Cook until the flavors have blended about 3-5 minutes and let it rest a while

Remove to a serving bowl and top with grated pecorino romano cheese if desired

Serve as is, in a sandwich with aged provolone cheese on a hard Italian roll or on whole wheat ciabbatta as seen here or  over whole grain pasta or gluten free pasta.


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Use any vegetables of your choosing. Here I was making a batch for Christmas eve. for about 22 people and I used:

Fennel, slice the bulb in 1/4 inch thickness

onion both yellow and red, sliced in 1/4 inch thickness

garlic bulbs, slice off the top of bulb and surround in tin foil leaving the sliced top exposed

sweet potato cut into cubes of 1/2 inch or so

new red potatoes quartered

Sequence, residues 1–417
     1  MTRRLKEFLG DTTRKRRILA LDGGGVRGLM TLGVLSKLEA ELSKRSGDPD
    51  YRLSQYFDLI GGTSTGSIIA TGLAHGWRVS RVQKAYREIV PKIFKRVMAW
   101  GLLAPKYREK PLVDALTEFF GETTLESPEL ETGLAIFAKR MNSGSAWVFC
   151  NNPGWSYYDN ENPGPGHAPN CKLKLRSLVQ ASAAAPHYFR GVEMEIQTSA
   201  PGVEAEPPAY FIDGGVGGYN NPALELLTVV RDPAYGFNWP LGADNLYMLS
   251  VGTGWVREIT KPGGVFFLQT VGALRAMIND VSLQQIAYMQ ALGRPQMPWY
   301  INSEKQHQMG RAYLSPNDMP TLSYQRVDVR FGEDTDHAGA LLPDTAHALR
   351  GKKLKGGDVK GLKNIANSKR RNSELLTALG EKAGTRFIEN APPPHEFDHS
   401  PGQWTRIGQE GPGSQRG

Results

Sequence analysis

red and yellow bell peppers sliced into small squares or lengthwise slices

broccoli, separate florettes

cauliflower,  separate florettes

eggplant cut into 1/2 to 1 inch cubes

Brussel sprouts quartered

Carrots sliced in 1/2 inch segments

Try to keep vegetables in similar sizes whichever you choose to use. Note that some vegetables will roast sooner than other so put similar types together or just remove those that roast sooner.


Toss vegetables with 1-1 1/2 tbs. of extra virgin olive oil

Sprinkle with garlic powder and freshly ground black pepper

Optional: add any fresh herb of your choice such as thyme for subtle flavor, rosemary for a stronger flavor (great with potatoes) or sage for moderate flavor. Cinnamon can be added to sweet potatoes or squash.

Roast vegetables on baking sheet at 400 degree for 20-25 minutes

You will be glad you did for the flavor and nutrition you will get.


Try roasting root vegetables such as carrots, parsnips, turnip, rutabaga, beets (though roast separately because their color bleeds), and any other you can think of.

Aluminum containers were used at the request of the party host for ease of clean-up and this did work well. when possible, the presentation of food in pretty platters and ceramic type bowls is preferred.